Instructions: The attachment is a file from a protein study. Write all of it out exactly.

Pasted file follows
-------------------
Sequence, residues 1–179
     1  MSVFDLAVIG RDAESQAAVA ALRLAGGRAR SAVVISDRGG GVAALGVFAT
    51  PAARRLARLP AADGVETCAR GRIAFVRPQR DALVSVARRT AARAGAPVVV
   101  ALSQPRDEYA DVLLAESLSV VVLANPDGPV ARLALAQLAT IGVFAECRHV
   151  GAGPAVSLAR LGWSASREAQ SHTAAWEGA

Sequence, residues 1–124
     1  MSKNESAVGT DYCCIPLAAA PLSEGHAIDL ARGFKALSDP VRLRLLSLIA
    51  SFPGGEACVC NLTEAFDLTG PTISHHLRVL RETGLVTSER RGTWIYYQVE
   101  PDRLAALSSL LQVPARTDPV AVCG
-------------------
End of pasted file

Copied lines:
Sequence, residues 1–179
     1  MSVFDLAVIG RDAESQAAVA ALRLAGGRAR SAVVISDRGG GVAALGVFAT
    51  PAARRLARLP AADGVETCAR GRIAFVRPQR DALVSVARRT AARAGAPVVV
   101  ALSQPRDEYA DVLLAESLSV VVLANPDGPV ARLALAQLAT IGVFAECRHV
   151  GAGPAVSLAR LGWSASREAQ SHTAAWEGA

Sequence, residues 1–124
     1  MSKNESAVGT DYCCIPLAAA PLSEGHAIDL ARGFKALSDP VRLRLLSLIA
    51  SFPGGEACVC NLTEAFDLTG PTISHHLRVL RETGLVTSER RGTWIYYQVE
   101  PDRLAALSSL LQVPARTDPV AVCG